Chimpanzee researchers have been studying the behavior captured in this video and are speculating on the possibility that it could be a sacred ritual and a primal form of religious belief. The video description further explains:
The study of the archaeological remains of fossil hominins must rely on reconstructions to elucidate the behaviour that may have resulted in particular stone tools and their accumulation. Comparatively, stone tool use among living primates has illuminated behaviours that are also amenable to archaeological examination, permitting direct observations of the behaviour leading to artefacts and their assemblages to be incorporated. Here, we describe newly discovered stone tool-use behaviour and stone accumulation sites in wild chimpanzees reminiscent of human cairns. In addition to data from 17 mid- to long-term chimpanzee research sites, we sampled a further 34 Pan troglodytes communities. We found four populations in West Africa where chimpanzees habitually bang and throw rocks against trees, or toss them into tree cavities, resulting in conspicuous stone accumulations at these sites. This represents the first record of repeated observations of individual chimpanzees exhibiting stone tool use for a purpose other than extractive foraging at what appear to be targeted trees. The ritualized behavioural display and collection of artefacts at particular locations observed in chimpanzee accumulative stone throwing may have implications for the inferences that can be drawn from archaeological stone assemblages and the origins of ritual sites.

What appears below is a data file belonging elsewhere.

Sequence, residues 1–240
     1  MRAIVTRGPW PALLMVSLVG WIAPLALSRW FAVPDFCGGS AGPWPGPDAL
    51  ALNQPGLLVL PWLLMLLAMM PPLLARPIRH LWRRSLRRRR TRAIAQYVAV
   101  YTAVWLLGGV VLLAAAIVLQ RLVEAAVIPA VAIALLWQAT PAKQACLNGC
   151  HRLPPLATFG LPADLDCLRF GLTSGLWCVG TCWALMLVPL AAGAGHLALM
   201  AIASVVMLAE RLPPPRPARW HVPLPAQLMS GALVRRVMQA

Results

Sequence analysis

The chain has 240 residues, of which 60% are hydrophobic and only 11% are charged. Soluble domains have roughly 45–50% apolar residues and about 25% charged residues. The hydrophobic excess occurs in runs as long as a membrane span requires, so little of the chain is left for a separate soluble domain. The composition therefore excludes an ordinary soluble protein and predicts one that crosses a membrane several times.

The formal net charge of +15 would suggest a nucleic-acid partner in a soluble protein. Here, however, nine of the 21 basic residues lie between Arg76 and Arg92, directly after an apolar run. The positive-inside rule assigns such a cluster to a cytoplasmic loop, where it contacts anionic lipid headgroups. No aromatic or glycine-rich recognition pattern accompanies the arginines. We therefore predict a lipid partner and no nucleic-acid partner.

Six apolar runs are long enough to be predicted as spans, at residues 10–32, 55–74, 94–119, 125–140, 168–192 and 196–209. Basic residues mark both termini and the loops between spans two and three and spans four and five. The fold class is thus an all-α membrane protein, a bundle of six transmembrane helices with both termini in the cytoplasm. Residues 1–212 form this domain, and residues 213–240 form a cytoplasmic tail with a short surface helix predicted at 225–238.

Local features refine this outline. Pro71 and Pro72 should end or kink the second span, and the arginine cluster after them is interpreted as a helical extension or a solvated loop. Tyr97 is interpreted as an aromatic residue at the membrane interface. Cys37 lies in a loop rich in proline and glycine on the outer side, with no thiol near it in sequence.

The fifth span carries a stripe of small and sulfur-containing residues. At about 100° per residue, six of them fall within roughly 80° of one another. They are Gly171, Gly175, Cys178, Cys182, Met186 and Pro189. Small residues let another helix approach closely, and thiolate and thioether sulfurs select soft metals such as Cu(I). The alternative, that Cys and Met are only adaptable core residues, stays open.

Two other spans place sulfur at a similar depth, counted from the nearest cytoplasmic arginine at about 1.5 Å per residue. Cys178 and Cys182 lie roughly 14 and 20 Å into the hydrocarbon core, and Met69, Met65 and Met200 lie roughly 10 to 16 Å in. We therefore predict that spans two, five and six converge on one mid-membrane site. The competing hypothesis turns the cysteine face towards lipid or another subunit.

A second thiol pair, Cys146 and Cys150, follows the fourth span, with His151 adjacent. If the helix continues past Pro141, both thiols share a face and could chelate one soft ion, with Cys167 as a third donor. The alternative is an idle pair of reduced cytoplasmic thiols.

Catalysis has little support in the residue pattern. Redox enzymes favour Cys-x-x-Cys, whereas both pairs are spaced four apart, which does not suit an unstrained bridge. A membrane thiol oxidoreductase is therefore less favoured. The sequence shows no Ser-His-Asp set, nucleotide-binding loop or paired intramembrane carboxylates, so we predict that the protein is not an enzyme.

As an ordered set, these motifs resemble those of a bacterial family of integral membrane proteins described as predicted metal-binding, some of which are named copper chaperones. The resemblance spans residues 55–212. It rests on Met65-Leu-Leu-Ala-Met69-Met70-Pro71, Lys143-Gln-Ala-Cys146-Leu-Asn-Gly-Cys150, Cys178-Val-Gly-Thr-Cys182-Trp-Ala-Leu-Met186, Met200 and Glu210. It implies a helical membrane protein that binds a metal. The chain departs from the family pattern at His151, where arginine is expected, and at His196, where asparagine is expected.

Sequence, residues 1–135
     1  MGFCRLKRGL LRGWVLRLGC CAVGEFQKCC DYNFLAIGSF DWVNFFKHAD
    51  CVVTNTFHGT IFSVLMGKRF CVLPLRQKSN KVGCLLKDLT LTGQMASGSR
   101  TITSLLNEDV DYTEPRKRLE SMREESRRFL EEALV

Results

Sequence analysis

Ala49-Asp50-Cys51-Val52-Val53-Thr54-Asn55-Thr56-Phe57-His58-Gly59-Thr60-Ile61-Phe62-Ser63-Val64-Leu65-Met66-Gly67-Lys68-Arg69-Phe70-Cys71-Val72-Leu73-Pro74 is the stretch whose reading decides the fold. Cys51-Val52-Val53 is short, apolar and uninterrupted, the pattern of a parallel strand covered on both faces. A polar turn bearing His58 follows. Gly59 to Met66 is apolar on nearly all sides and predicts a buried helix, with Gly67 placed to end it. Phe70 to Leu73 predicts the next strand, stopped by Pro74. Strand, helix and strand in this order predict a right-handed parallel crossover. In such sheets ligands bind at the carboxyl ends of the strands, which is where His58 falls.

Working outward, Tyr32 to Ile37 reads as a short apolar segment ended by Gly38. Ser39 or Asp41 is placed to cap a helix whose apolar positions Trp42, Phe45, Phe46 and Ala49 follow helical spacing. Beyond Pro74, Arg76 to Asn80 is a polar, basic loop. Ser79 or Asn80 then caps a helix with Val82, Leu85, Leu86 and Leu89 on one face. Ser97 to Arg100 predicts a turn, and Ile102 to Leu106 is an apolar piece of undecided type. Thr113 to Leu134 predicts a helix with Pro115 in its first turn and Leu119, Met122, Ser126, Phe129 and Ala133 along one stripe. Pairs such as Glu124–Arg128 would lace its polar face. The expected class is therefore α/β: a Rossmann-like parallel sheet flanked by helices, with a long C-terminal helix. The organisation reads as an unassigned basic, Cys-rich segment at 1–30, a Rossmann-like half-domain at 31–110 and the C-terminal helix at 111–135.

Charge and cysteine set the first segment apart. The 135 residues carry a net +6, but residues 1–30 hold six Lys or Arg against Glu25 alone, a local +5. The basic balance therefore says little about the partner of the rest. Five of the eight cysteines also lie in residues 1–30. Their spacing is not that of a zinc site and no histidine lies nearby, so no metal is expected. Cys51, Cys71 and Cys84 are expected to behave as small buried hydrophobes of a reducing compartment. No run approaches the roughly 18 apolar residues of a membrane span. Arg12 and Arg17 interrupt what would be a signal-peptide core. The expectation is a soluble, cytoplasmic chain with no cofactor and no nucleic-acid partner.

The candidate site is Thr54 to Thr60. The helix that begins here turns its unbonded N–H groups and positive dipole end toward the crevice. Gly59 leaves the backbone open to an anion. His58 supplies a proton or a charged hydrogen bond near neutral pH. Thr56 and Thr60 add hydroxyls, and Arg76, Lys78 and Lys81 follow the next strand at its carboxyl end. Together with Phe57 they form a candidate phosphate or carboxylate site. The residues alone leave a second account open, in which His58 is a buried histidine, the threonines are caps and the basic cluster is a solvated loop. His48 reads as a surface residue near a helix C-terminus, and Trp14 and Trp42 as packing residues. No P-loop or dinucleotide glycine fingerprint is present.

Scientists believe this behavior is ritualistic in nature and goes beyond storage of rocks used for throwing. In human cultures stones have various symbologies and are used in burials and shrines. Researchers note that indigenous West African people also collect stones at sacred trees in a way that looks “eerily similar to what we have discovered here”. It was also previously believed that only humans created tools until researchers discovered chimps fashioned “termite probes” to extract termites from their nests. This early stage in discovery involves a lot of speculation as researchers scramble to make sense of this behavior.
While we’re on the subject of collecting rocks, below is a video of a zoo-bound chimp eventually working himself into enough of a frenzy to toss an object, possibly a rock, towards onlookers. What apparently happened is someone threw an object into the chimp’s enclosure and the chimp returned fire. From the sound of something hitting metal, the object was hard, like a rock.